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July 23, 2012

England cricket

Ravi and the Dragon

Jarrod Kimber
Ravi Bopara drags a short delivery into his stumps, England v South Africa, 1st Test, The Oval, 5th Day, July, 23, 2012
Ravi Bopara drags on against Dale Steyn  © Getty Images
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It sounds like a weird fairytale, but Ravi Bopara may have just been slain by the dragon. Not an actual giant lizard thing with wings, but the term some cricketers use for a drag on (see what they did there?).

It was a perfect ball to drag on. Short enough to encourage a back-foot shot, slow enough for the batsman to go a bit early, wide enough to be played with an angled bat, and Bopara played his part to perfection. It was as if Terry Gilliam had meticulously directed it.

If it wasn't Ravi Bopara, I wouldn't be writing this.

The good Ravi has a swagger, hits the ball beautifully, looks like he's indestructible, has a cheeky grin and is so confident he scripts his hundred celebrations. The man has slammed a double century in a List A game and averaged over 90 in the last ODI series against Australia. Ravi has the tools to be a Test match batsman.

The bad Ravi has little more than a sad face.

In the Ashes of 2009, Shane Warne got in his head before the series and it appeared that Bopara just could not get Warne's voice out. Gone was the swagger, confidence and batsmanship, in its place was a confused man who looked he was about to cry at any moment. I've never felt more like running out on the field and hugging a player.

England played perhaps the most evil role in this; they kept Ravi in the side. While Warne the pundit demolished him mentally and Ben Hilfenhaus dealt with him physically, England forced him to play four Tests. They would state that this wasn't torture, but it looked like cricket's version of water boarding to me.

It wasn't even Ravi's worst series. Sri Lanka on his debut was a massacre, three ducks in five innings, a best of 34, and yet he fought back to score three hundreds in three Tests against West Indies shortly after. That was before his shocking Ashes in '09.

In the first innings against South Africa at The Oval, Ravi was horrible. From the moment he stepped out on the ground he looked like he wouldn't last long. The South Africans sensed this and howled at him like angry dogs. They were right to do so. His faux pull shot was dreadful in every single way. Hopefully no analyst or assistant coach made him watch it again.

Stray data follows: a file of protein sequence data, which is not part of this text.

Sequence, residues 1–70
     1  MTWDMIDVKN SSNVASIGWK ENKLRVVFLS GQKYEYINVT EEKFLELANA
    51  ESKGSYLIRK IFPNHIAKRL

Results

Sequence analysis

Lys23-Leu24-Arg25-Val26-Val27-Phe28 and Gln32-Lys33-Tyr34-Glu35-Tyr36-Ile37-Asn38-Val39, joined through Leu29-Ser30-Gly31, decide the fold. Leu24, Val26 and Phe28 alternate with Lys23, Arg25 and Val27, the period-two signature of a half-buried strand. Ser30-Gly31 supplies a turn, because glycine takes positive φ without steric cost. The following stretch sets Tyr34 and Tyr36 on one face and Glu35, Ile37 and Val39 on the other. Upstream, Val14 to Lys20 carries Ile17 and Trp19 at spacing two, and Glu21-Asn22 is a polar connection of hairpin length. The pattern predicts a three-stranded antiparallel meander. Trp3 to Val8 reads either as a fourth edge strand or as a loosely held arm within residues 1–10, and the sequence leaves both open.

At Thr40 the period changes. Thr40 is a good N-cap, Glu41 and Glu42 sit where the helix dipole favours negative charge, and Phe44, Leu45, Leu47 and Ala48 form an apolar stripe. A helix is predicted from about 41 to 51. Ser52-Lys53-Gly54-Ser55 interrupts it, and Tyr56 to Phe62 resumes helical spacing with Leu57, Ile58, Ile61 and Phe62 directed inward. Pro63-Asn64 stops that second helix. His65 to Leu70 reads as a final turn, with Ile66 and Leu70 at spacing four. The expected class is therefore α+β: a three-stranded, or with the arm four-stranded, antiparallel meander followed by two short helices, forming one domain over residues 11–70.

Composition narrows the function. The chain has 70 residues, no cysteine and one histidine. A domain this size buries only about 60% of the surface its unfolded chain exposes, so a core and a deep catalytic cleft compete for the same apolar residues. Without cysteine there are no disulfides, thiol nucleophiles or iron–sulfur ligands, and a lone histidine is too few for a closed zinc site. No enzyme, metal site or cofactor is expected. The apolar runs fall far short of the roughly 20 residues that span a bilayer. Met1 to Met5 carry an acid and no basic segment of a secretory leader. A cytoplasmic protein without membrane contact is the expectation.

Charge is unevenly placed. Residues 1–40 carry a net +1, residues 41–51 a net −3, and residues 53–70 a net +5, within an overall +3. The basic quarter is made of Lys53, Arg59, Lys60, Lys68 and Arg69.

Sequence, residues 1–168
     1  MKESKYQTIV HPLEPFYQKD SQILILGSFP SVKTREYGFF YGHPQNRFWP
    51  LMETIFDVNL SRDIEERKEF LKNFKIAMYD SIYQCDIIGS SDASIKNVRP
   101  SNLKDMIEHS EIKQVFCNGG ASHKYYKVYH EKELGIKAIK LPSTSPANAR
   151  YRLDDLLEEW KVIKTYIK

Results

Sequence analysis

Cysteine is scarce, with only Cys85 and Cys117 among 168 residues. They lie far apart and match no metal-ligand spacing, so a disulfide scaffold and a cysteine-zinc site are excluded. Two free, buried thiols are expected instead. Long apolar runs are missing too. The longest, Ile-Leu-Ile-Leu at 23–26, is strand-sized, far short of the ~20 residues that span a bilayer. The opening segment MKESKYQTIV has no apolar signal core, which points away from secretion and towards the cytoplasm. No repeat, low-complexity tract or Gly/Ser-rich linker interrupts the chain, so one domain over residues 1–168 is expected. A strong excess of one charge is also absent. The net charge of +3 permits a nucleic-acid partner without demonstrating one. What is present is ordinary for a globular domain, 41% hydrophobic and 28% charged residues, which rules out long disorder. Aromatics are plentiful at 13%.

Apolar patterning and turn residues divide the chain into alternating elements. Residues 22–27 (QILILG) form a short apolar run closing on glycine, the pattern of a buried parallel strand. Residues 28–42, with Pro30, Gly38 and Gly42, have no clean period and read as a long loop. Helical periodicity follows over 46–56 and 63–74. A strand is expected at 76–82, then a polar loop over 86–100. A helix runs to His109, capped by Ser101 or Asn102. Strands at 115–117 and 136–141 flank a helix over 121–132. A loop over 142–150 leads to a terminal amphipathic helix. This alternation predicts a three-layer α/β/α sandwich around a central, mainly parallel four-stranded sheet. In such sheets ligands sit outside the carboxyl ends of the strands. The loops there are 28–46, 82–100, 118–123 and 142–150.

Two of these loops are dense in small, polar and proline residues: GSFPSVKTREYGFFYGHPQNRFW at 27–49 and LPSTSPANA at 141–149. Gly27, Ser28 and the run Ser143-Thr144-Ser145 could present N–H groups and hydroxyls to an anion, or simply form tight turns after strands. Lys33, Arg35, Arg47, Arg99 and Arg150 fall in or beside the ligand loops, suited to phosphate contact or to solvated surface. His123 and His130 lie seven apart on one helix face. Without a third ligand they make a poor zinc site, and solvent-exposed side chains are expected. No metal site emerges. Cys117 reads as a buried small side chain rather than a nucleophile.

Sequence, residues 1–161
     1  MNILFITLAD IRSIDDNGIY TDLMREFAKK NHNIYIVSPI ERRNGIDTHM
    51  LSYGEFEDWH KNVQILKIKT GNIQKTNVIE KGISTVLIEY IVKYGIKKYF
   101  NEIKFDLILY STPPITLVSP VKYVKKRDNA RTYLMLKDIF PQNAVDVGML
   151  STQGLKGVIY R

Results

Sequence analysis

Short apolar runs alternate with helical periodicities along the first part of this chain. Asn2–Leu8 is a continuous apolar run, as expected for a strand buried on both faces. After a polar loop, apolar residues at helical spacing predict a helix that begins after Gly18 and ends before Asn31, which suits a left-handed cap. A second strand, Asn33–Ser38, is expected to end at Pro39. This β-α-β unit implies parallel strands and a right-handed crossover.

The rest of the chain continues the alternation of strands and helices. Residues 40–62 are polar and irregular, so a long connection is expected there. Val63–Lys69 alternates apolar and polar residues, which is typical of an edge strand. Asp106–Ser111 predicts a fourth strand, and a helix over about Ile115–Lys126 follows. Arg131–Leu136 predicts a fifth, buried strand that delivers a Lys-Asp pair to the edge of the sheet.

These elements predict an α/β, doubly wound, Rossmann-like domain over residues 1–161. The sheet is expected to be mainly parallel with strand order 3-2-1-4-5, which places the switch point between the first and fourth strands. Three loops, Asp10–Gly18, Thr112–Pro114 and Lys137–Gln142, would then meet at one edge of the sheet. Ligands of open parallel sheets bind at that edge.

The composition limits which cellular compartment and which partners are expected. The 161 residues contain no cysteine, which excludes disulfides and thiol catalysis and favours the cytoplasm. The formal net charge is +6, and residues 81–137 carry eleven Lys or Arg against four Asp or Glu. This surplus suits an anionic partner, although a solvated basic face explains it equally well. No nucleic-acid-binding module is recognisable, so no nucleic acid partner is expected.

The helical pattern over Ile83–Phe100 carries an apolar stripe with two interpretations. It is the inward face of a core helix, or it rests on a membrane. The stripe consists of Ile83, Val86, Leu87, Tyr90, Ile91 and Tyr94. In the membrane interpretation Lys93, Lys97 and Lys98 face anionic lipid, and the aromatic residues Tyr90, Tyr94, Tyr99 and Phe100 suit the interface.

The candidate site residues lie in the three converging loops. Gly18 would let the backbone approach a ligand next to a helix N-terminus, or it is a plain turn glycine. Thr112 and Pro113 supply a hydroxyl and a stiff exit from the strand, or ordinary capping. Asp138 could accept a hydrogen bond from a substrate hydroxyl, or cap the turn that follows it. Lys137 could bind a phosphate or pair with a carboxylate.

Then in the second, he looked fine. One pull shot off Dale Steyn was so good it made people in the member's cry. He toughed out the hard times, handled the bowling well, and had set himself up for the sort of knock that allows you a few ups and downs without the threat of being dropped.

And then he dragged on.

The hate on the internet at Ravi was as immense as it was predictable. In a team like England's, he's a very easy target.

While you can question Ravi's technique at times, it's definitely strong enough to survive in Test cricket. His mind on the other hand, doesn't seem to be. There is something not quite firing for him. Something's holding him back. Something in his head.

It's not a dragon, as they can be stopped with a sword or by sacrificing a virgin. Ravi's problems are far more complicated than that. Maybe he needs security, maybe he needs a rest. But he needs something.

Jarrod Kimber is 50% of the Two Chucks, and the mind responsible for cricketwithballs.com

RSS Feeds: Jarrod Kimber

Keywords: Technique

© ESPN Sports Media Ltd.

Posted by Rob on (August 1, 2012, 6:44 GMT)

Ravi Bopara is the Rohit Sharma of England.

Posted by \GFlash on (July 30, 2012, 11:37 GMT)